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Another New Guy

Gerry_C

New member
May 23, 2022
3
0
San Diego, California
Hi all, Gerry C here. I'm looking for some helpful direction in the world of coffee.

About me so far... started drinking coffee at 19 (in the Navy.) Up till then it was always tea (I was born in Scotland but raised in the midwest.)
The only "coffee tasting" ability I have is "I like it, I hate it, or I can live with it." I could not describe what I like if my life depended on it.
I keep reading about "flavor notes" and acidity but I actually have no real idea what those are. I put McDonalds and Burger King coffee in the "I can live with it" catagory.

I recently bought a Fellow Ode grinder and scale and it seems to be helping me get better coffee at home, but I want to see if it can get better.
I am using a drip machine and want to stick to that type of machine at least for now. I'm grinding just before brewing.
Generally, I'm using San Franciso Bay "Fog Chaser" whole beans. 50gr to 28oz of heavily filtered water. I seem to like a strong taste to my coffee (Navy ???)
I do know I don't like bitter. I drink it Black, no sugar if that matters. I have never been a fan of "Flavored" coffee's.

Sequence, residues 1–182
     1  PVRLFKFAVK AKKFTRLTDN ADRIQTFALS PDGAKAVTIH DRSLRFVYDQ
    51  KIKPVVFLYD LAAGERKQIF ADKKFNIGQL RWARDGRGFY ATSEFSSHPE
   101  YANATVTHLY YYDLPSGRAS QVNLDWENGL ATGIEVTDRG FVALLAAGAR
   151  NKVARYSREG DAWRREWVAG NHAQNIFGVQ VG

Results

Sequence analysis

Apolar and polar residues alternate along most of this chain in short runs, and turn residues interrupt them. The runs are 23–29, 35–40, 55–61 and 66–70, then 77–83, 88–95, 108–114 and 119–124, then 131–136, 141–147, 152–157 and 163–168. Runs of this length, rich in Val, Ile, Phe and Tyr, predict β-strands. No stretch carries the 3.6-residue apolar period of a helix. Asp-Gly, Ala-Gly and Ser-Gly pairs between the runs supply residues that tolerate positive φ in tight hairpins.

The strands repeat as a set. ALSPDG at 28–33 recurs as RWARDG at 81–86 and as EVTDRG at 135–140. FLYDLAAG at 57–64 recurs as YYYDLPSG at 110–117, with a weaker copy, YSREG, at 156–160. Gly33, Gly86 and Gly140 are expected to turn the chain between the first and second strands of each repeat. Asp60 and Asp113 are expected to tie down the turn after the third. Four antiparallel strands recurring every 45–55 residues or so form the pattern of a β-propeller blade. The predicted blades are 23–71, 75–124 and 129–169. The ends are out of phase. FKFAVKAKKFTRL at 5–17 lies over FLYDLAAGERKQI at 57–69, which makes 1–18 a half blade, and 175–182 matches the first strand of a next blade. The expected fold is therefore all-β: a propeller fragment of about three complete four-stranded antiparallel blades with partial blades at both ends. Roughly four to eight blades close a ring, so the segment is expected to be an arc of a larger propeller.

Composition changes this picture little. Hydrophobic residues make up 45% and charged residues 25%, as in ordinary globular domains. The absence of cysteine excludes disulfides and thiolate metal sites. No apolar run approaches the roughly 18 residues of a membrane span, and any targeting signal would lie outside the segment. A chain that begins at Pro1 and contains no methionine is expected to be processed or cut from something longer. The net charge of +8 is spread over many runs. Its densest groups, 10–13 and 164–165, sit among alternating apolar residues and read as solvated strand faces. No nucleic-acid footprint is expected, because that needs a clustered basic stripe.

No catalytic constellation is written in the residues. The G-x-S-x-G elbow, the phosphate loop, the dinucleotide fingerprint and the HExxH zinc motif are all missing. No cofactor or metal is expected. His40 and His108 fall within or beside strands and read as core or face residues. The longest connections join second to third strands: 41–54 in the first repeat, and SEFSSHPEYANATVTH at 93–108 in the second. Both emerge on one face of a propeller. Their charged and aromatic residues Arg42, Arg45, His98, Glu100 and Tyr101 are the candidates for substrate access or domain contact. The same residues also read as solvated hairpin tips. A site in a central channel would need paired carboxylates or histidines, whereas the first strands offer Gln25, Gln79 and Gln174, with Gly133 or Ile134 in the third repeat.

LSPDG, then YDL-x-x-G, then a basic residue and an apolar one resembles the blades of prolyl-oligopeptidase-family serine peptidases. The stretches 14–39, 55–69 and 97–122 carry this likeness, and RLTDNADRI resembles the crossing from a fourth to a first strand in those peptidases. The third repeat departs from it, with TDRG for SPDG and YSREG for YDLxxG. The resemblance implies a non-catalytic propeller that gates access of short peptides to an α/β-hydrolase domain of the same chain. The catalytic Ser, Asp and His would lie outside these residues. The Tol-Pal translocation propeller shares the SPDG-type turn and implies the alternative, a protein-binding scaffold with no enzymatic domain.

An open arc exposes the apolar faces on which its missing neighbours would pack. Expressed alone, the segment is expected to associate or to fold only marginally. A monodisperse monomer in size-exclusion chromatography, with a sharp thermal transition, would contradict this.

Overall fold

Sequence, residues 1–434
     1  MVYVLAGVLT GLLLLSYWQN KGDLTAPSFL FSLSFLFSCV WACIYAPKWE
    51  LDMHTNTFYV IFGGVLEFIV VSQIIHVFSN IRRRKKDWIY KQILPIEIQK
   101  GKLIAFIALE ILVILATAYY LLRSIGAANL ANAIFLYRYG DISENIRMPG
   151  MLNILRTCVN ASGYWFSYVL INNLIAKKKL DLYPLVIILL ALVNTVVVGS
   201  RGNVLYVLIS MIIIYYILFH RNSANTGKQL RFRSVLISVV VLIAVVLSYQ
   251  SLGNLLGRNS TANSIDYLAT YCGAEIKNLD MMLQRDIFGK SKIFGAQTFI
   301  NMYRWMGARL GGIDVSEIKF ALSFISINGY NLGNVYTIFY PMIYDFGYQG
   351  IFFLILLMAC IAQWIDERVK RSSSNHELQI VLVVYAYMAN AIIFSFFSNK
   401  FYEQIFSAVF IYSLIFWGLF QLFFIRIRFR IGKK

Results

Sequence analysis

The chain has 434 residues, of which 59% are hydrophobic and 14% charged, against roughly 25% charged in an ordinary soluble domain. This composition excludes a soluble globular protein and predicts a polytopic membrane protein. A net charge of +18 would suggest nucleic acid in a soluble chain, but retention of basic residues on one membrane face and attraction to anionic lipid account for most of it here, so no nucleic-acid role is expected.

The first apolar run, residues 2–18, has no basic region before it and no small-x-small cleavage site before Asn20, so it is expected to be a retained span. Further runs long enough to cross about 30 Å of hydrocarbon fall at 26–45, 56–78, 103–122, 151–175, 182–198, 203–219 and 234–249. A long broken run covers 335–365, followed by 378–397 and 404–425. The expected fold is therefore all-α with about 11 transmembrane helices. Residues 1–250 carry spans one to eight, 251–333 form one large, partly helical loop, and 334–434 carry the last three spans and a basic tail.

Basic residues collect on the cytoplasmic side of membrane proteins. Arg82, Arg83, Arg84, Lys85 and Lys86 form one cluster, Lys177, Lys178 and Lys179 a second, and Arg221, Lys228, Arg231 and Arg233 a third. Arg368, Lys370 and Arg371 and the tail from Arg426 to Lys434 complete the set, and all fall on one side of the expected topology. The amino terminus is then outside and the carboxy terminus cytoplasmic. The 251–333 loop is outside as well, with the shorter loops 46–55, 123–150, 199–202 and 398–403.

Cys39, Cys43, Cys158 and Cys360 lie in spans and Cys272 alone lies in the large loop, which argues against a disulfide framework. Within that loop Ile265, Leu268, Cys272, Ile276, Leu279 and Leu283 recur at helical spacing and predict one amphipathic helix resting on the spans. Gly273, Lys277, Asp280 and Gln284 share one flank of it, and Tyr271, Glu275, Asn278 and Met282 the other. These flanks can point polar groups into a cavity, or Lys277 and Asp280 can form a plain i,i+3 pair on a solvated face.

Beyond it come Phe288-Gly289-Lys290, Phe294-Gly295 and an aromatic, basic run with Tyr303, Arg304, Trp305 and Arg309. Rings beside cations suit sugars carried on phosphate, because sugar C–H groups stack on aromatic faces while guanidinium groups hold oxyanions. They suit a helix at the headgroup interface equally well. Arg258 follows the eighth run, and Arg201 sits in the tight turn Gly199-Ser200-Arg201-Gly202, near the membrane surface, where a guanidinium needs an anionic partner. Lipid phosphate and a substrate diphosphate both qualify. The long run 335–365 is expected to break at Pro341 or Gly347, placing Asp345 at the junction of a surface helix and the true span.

I know I need to learn to "Taste" coffee and be able to describe what I like and what I don't if I expect anyone to be able to steer me towards better beans.
So question one is... is there anything on the net that can help me begin that process? I know I will have to go to some kind of tasting,
but I would like to understand what the terms mean before doing that. For example, a "hint of chocolate" means nothing to me. I love chocolate but have NEVER had
any non-flavored coffee that tastes like chocolate to me.

Also, if anyone knows some good roasters in the San Diego, CA area, that would be helpful. Most of the "Coffee shops" just want to sell you a drink and move on.
I would like to find a roaster that is willing to help me understand the various beans and help me learn (a lot to ask, I know.)

Any other suggestions for a "newbie" as to beginning the process would be appreciated.

I do know teaching me is going to be difficult do to a lack of reference frame, so thank you in advance to anyone who makes the attempt.
 

topher

Super Moderator
Staff member
Aug 14, 2003
3,804
29
Boca Raton
Good luck bud! I had to teach myself how to taste coffee. I got into the business in 89 and we didn't have the internet to point is in any direction. That being said. I read the description of each coffee and tasted the coffee and tried to find what was in the description. After a while you don't need the description...you will just start to understand. When I first started I was reading descriptions like earthy and nuances of this and that. I didn't understand until I got sick of flavored coffee. Yes that is how I got my start. I could understand irish cream and hazelnut. Then after about 6 months I switched to regular and realized that every coffee has something to offer! 33 years later and I still get excited about trying new lots!! Take notes on everything you taste. It will help you in the long run. You can also look into a sensory kit.